A new initiative has been launched by the United States Secret Service in an effort to raise awareness and prevent people from falling for “pig butchering” scams in the city of Philadelphia.
The new effort is called “Operation Crypto Guard” and will be focused on financial scams in which criminals convince someone to join them in an investment online and then take their money.
The operation will be focused on educating and warning residents against these frauds with tips on how to see the signs.
Agents with the Secret Service will be posting bulletins on Bitcoin ATMs where scammers typically take payments from their victims.
“We urge anyone who is investing in cryptocurrency to be vigilant and cautious, and to report any suspicious activity to the Secret Service or local law enforcement,” Michael Centrella, Special Agent in Charge of the Philadelphia Field Office, said in a statement.
Some tips from the agency to avoid being scammed by a pig butchering scam:
- Do not send money or provide personal or financial information to anyone you do not know or trust.
- Be cautious of anyone who instructs you to lie to your bank or keep the reason for your cryptocurrency purchase a secret.
- Spread awareness of pig butchering scams among your friends and loved ones to protect them from falling victim.
The Secret Service explained that pig butchering scams will typically begin with the criminal pretending to “accidentally meet people via social media or text messages.” They may tell their victim that they were actually trying to connect with someone else and then begin a conversation.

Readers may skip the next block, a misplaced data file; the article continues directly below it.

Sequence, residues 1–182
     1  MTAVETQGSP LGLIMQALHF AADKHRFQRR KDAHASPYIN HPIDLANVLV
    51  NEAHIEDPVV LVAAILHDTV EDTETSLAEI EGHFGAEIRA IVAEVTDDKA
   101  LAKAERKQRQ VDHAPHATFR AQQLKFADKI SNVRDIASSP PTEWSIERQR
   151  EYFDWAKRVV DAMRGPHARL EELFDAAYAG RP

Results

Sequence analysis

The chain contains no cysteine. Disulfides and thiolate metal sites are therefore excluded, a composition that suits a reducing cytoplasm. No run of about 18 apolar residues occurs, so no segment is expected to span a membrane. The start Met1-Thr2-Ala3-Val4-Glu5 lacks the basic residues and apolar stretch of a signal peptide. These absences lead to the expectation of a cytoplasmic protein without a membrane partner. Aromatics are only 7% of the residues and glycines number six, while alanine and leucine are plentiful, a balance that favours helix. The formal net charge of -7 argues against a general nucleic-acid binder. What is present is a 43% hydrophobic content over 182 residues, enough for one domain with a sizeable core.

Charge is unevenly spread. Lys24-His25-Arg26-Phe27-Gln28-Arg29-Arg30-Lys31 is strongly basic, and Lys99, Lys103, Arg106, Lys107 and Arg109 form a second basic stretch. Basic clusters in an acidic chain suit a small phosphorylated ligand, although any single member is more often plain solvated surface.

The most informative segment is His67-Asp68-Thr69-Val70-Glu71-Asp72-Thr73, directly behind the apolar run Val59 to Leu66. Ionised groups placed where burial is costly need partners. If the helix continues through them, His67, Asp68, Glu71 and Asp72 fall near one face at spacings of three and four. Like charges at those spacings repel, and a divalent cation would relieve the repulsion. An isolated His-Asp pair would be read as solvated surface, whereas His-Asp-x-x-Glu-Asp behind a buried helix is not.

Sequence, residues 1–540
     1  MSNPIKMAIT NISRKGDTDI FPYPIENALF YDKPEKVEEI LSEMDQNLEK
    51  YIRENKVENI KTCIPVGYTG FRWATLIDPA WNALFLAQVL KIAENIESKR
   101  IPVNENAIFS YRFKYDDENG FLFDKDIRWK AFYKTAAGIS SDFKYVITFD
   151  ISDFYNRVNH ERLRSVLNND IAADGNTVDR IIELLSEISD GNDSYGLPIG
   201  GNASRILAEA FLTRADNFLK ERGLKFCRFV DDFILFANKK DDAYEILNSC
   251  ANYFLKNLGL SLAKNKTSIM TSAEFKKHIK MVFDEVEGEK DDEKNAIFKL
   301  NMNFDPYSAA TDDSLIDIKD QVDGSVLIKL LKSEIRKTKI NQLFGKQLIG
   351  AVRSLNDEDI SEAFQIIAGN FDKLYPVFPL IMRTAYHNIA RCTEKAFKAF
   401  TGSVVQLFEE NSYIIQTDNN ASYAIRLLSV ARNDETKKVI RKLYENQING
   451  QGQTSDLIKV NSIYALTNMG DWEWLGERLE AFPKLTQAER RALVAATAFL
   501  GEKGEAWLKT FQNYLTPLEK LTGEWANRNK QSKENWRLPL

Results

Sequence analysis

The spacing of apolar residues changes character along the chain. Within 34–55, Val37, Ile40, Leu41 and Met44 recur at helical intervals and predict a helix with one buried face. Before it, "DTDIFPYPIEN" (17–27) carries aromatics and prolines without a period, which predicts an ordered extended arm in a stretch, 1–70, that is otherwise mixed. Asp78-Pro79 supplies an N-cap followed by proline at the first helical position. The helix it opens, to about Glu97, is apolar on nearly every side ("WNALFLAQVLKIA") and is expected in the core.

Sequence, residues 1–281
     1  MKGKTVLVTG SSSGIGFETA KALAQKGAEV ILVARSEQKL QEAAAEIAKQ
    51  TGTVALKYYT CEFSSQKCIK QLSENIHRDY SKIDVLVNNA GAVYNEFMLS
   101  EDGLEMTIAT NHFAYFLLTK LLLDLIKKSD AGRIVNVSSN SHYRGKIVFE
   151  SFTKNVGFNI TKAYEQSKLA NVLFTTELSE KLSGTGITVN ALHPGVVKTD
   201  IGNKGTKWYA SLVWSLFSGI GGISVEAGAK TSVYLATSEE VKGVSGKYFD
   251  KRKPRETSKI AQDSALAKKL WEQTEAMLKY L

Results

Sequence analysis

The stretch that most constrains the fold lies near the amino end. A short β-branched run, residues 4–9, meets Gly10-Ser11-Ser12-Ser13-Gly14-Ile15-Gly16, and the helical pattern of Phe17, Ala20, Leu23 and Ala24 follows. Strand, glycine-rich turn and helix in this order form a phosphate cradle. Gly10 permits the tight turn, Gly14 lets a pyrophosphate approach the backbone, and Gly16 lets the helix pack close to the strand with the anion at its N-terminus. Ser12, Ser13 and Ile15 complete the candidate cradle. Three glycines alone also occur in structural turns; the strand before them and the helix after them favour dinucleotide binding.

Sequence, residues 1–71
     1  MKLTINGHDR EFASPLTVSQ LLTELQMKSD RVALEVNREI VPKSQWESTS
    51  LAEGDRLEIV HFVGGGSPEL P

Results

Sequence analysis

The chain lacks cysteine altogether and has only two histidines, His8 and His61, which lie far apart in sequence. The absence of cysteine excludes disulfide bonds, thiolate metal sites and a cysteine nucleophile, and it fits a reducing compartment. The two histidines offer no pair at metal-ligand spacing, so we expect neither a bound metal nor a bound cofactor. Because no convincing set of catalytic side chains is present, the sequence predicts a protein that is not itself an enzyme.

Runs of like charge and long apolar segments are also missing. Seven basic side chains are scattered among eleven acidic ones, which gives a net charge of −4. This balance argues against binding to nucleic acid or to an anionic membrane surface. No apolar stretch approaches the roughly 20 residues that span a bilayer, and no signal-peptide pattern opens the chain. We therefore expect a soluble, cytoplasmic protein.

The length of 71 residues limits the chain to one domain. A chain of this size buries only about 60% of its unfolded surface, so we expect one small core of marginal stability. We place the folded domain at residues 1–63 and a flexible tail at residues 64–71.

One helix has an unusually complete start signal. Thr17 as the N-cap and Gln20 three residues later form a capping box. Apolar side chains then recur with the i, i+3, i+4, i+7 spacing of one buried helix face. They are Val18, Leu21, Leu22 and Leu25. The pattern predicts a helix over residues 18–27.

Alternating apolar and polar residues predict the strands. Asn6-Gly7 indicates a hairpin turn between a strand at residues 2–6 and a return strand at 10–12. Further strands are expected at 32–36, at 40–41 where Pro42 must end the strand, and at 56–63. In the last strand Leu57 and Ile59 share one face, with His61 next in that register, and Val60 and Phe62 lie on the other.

The scammer will try to convince their victim that they are wealthy and that they gained their wealth through these crypto investments.
After connecting with the person over the course of a few weeks, the criminal will try to convince the victim to invest with them and provide advice on how.
“Scammers use cryptocurrency because the transactions are irreversible and hard to trace,” the Secret Service explained.
The criminals use various techniques to get money from their victims. They will suggest that the person join the platform that the criminal is already using or they will even give money to their victim to then guilt them into paying them more.
Officials explained that sometimes the scammers will tell their victims to open accounts on real cryptocurrency platforms before talking them into transferring their money into fraudulent accounts while using the same log-in information.
In other scenarios, the scammers will create fake exchange websites for crypto that look real and will show that the victim is gaining money in their investments. But, it’s all a ruse in order to convince them to add more money.
If you have any information and would like to report a pig butchering scam, please call the Secret Service’s Philadelphia Field Office at 215-861-3300.